Industry leaders asked Congress yesterday to pass legislation that would require the government to share the cost of establishing a multimillion-dollar trust fund for workers with asbestos-related diseases.

But union representatives opposed the plan, with some officials telling a Senate Finance subcommittee that ailing workers should not be denied the right to sue manufacturers for compensation.

The current system of relying on workers' lawsuits to win compensation from their employers is unfair to both the employes and the industry, said John McKinney, chairman of the Manville Corp. The system also has allowed the government to dodge responsibility for its negligence, he said.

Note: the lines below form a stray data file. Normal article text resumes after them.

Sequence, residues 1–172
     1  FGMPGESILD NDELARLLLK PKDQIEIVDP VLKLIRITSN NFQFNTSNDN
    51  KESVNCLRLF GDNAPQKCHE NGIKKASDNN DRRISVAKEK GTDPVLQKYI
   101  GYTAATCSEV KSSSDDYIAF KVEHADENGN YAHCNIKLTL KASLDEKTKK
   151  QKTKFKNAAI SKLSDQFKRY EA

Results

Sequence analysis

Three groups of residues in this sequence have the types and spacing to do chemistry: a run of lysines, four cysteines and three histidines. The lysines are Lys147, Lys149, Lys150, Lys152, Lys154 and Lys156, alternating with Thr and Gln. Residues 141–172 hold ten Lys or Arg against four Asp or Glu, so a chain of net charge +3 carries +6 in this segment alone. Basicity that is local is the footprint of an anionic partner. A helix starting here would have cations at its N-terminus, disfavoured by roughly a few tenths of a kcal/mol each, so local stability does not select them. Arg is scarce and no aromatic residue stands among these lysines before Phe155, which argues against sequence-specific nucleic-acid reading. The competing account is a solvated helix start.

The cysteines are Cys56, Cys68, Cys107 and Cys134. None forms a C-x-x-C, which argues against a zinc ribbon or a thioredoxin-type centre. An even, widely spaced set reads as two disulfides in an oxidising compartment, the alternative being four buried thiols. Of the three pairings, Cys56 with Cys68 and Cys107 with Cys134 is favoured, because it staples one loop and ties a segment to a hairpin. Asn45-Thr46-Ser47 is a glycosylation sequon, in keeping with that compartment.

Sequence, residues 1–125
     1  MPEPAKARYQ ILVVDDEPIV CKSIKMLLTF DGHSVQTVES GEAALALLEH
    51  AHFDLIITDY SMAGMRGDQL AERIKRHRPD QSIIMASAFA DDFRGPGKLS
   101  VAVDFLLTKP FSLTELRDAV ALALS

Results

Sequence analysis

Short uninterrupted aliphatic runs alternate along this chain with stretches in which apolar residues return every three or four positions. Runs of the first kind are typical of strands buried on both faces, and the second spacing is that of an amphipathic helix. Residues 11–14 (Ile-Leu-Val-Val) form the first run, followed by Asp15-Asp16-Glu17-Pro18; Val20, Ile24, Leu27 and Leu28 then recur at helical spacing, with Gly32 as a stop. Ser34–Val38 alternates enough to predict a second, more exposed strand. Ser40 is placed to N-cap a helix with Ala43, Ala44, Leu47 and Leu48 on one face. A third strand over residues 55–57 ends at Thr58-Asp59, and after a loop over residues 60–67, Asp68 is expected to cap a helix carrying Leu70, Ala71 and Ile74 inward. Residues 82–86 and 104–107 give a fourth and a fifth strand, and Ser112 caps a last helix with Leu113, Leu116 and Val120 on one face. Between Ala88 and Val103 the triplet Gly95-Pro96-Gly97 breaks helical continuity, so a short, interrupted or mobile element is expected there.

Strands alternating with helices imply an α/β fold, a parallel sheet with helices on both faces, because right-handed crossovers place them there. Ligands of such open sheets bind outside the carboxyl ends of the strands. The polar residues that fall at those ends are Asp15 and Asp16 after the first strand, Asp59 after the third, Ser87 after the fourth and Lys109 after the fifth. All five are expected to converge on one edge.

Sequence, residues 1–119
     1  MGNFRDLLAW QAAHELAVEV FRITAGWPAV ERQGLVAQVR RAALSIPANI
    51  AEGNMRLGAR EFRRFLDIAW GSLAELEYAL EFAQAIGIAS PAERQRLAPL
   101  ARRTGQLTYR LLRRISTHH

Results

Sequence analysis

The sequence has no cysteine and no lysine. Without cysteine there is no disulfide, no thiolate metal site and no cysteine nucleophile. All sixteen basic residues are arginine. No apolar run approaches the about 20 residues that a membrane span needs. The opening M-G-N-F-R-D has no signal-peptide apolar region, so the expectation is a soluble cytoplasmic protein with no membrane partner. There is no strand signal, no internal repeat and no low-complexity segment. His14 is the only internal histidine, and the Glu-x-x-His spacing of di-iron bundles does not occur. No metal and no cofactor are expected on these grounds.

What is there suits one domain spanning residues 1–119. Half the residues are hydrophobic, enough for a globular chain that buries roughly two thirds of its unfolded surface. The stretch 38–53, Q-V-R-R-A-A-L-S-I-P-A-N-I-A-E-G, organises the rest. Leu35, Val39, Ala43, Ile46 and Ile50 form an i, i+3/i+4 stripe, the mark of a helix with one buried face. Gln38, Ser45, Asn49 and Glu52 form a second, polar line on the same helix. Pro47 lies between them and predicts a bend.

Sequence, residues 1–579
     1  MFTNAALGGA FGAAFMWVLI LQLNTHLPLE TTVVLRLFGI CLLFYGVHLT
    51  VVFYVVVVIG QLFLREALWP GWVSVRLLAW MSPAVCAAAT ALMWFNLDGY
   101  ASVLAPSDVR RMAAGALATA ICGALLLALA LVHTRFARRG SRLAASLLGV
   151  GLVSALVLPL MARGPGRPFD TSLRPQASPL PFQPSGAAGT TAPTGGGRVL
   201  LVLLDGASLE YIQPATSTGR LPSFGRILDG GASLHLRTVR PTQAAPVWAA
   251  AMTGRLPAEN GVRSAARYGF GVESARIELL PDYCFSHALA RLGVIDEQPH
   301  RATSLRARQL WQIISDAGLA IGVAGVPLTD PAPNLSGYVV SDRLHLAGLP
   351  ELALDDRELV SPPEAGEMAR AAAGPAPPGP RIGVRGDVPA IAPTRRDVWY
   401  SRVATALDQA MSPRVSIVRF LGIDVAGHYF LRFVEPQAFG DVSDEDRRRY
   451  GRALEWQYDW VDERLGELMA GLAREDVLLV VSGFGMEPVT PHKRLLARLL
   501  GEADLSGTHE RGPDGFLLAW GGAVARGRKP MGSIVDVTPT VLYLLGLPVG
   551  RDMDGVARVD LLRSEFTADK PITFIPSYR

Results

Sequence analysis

"Private industry is being asked to shoulder the burden for the government's own negligent acts," said McKinney, also chief executive officer of the Denver-based firm.

Asbestos, widely used for years in fire-proofing material and insulation, is blamed for a variety of respiratory problems.

The legislation calls for creating an Asbestos-Related Disease Trust Fund to be financed by the government and through assessments on certain suppliers of asbestos products and their insurers.

Frederick Ross, president and chief executive officer of Raymark Corp. of Trumbull, Conn., told the subcommittee more than 70 percent of the asbestos-related claims against his company were filed by workers exposed to the substance during wartime shipbuilding efforts.

Jay Power of the AFL-CIO opposed the bill, favoring a House proposal that would deal with all long-term occupational diseases, not just those tied to asbestos.